Another option is to use additional gear like grip strengtheners that specifically help you train your hands and/or forearms.
These tools improve your grip strength, which will help you for a variety of different climbing techniques, and not just crimping. There are different grip trainers, from grip donuts to more advanced looking finger strengtheners, so just try what works best for you.
To learn more about these training equipment, here’s a whole article about the best gear to use to improve your grip!
Should you train full crimp on a finger board?
- Only experienced climbers should train the full-crimp on a fingerboard, as there is a high risk of overdoing it as a beginner and injuring yourself. If you want to train on a finger board, use a variety of different holds with an open hand position to improve grip strength.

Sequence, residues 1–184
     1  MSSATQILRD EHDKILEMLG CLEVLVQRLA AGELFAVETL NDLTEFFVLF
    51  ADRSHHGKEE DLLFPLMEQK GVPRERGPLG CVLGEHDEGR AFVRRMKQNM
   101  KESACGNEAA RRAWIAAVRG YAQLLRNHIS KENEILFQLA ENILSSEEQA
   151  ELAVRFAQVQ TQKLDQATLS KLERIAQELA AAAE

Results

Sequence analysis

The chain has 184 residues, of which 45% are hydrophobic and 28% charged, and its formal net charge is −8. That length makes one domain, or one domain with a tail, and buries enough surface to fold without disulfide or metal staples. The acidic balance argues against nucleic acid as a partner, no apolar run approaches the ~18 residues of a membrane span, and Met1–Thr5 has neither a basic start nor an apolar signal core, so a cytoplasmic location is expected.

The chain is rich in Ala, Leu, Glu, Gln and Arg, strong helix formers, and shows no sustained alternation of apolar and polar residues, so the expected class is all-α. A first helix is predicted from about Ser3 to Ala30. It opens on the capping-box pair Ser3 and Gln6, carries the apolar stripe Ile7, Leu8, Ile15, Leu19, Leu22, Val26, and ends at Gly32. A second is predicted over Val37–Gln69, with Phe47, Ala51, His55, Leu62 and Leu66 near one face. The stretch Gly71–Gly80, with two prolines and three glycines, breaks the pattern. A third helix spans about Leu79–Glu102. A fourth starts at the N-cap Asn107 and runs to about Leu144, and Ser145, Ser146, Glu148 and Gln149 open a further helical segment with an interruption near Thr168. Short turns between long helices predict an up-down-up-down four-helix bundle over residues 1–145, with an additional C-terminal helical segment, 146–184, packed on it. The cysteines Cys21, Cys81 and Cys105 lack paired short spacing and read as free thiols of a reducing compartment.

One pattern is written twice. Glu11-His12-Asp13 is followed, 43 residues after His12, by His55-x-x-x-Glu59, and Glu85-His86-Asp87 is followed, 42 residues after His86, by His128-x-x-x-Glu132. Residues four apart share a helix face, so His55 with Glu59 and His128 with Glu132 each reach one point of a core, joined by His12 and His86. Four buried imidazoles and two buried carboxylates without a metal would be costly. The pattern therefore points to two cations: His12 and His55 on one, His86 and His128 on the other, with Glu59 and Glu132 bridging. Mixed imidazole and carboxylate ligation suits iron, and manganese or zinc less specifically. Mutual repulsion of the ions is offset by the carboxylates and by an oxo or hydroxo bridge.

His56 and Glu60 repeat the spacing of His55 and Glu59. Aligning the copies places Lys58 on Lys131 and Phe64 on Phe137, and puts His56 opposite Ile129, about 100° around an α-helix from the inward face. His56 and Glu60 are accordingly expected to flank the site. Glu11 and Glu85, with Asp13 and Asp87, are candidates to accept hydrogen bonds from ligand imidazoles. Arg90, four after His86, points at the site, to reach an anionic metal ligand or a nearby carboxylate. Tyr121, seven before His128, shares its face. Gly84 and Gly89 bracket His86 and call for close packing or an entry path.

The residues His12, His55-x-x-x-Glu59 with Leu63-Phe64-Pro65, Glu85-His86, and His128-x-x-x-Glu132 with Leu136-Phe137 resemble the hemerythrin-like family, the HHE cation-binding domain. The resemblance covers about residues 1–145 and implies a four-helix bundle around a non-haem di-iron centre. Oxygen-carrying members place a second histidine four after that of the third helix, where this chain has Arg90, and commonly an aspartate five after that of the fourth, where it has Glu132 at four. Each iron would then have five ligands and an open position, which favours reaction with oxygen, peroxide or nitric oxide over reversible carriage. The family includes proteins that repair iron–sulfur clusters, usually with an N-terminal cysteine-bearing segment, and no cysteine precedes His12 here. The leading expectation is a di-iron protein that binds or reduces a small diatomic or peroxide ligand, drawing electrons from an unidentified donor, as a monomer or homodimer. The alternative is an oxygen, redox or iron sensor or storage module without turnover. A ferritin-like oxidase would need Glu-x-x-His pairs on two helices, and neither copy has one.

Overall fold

Which is more dangerous: full-crimp or half-crimp?
- A full crimp has a higher risk of causing injuries to your hands and fingers. It’s a very aggressive hand position which puts a lot of pressure on your tendons and joints.
Why is it bad to do a full-crimp?
- The added pressure of your thumb pushing down on top of your index knuckle increases the stress on your DIP joints and can cause injuries through overuse, or even a traumatic injury when doing a dynamic move off a small crimp hold.
Can you climb without crimping?
- This entirely depends on the route. If you are crack climbing, there might not be any horizontal crimp holds on your route. But whatever route you are on, there are often different hand positions you can use, so you should always try to avoid a full-crimp and only use it occasionally.
What to do if your finger hurts when crimping?
- Pain while crimping can be a sign that you are developing a chronic injury in your fingers. Try to reduce the pressure on your fingers by assuming a different hand position like a half-crimp or open hand position.